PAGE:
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The Frankenstein bra…..or reasons I am not a seamstress, bra alteration failure » All bra adventures


The Frankenstein bra…..or reasons I am not a seamstress, bra alteration failure

So I decided to attempt to alter one of my bras that was a bit too small in the cup, and the results were so hilarious that I thought I’d share them with you all. I figure everyone could use a good laugh, so join me in my journey in bra alterations 101.

First I thought, if I remove the padded liner, I could make this CHP an unlined bra and have a better fitting cup. I grabbed a nice n sharp razorblade and went to town. I could easily get the foam lining out of the cup around the wire, carefully pulling the tulle lace away from the wire to insure I didn’t cut it as well. I got to the seams within the cups, only to realize that they are indeed sewn with the tulle and padding together, so removing the seams on the padding also removed them from the cup itself. I figured oh well (since I already started) and removed the whole seam (as it was the only way to get the padding removed) and thought it would be easy to resew since the seams are already folded. I initially tried to keep the cookie pocket in place just in case the tulle wasn’t supportive enough. This did get in the way, but wasn’t the real problem. As my sewing machine moved the tulle forward with the stitching, it did “grab” it at an uneven pace, which resulted in some pointy sections on the cup. I also must not have removed the stitching correctly, taking some of the tulle with it, as the cup was definitely too small unlined-smaller than it was with the padding (which is obviously not logical!) Flat pictures of this are added.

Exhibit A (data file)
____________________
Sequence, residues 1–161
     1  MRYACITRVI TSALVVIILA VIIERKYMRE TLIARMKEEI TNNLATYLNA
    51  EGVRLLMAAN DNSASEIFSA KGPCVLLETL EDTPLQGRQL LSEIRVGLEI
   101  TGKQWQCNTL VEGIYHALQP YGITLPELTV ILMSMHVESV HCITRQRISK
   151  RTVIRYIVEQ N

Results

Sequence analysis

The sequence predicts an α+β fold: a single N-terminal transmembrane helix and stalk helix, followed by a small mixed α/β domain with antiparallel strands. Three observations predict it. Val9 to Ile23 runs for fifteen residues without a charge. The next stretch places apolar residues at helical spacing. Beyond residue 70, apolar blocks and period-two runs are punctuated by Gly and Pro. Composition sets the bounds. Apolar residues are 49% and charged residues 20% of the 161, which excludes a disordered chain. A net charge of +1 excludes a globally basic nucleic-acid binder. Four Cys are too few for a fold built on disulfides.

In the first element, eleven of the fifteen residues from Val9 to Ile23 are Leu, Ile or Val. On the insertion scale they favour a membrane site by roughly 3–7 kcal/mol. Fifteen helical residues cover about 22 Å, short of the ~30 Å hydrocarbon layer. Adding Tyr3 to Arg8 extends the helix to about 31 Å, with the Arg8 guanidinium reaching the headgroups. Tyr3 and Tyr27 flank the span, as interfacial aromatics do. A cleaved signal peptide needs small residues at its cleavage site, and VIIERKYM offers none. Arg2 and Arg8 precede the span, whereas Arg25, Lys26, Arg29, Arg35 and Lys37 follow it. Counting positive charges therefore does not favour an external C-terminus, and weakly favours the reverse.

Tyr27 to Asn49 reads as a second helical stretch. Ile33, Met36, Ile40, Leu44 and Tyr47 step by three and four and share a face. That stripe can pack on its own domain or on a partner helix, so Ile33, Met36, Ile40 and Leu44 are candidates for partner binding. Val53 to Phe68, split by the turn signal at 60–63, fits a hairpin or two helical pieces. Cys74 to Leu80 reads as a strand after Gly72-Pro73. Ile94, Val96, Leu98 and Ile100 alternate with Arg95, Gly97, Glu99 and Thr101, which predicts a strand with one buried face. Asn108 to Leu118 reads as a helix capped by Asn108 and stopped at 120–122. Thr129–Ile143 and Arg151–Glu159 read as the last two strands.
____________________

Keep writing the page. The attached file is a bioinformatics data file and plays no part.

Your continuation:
Since I experimented with only one cup at a time, I knew I needed a different approach for the second cup. So, I opted to cut out the cookie pocket with the razor, then the outer and inner most sections of padding on the cup, leaving the middle and seams intact. This resulted in a bit of extra support and nipple chaffing protection/thin modesty panel. Since it didn’t remove the seams, this approach required no sewing and the results were nice.

Well, I then figured I’d try to remove the stitching and see if I could resew that first cup, only to find out that a razor blade on straight tulle lace is not doable, and I just ended up cutting up the tulle. So since I couldn’t go back and fix the first cup, so I thought, “Hey, I’ll try making a shelf bra!” and I folded over the tops of the cups and sewed an edge stitching across it, creating a shelf. I then put it on and showed my husband, who just laughed. “Honey……hahahahaha….you have some quad boob….hahahahaha…..” After he stopped laughing, I got him to take some pictures, so you all could join in the humorous moment.

So, the lessons for today is,
1st-I am NOT a seamstress.
2nd- if you need some extra space you can use a sharp razor to remove the outer and inner most padded sections, as long as you leave the middle and seams intact.
3rd- My bras really do squish the lower part of the breast into the cup, as the “shelf bra flop out” side shows…..
4th- If you need a really good laugh, see the pictures added!

All and all, this gives me a renewed appreciation for all those bra makers we have here, and though I’d like to think with practice it would get easier, I am realistic, and know this is not my forte. I will stick to shortening bands and moving straps in/lowering outer curves. Cups I’ll leave to the professionals!!!

Filed under Bras ups and downs

Shared on Dec 06, 2017 Flag this


  • I am SO GLAD you tried this and warned us! I believe I would've gotten even worse results than you did.

  • Thank you @learningaboutbras. :-)
    I figured I could laugh & share or get frustrated. The prior seemed like a wiser choice! And even though I ruined this bra, at least I now know what I can and can't do, hahaha!

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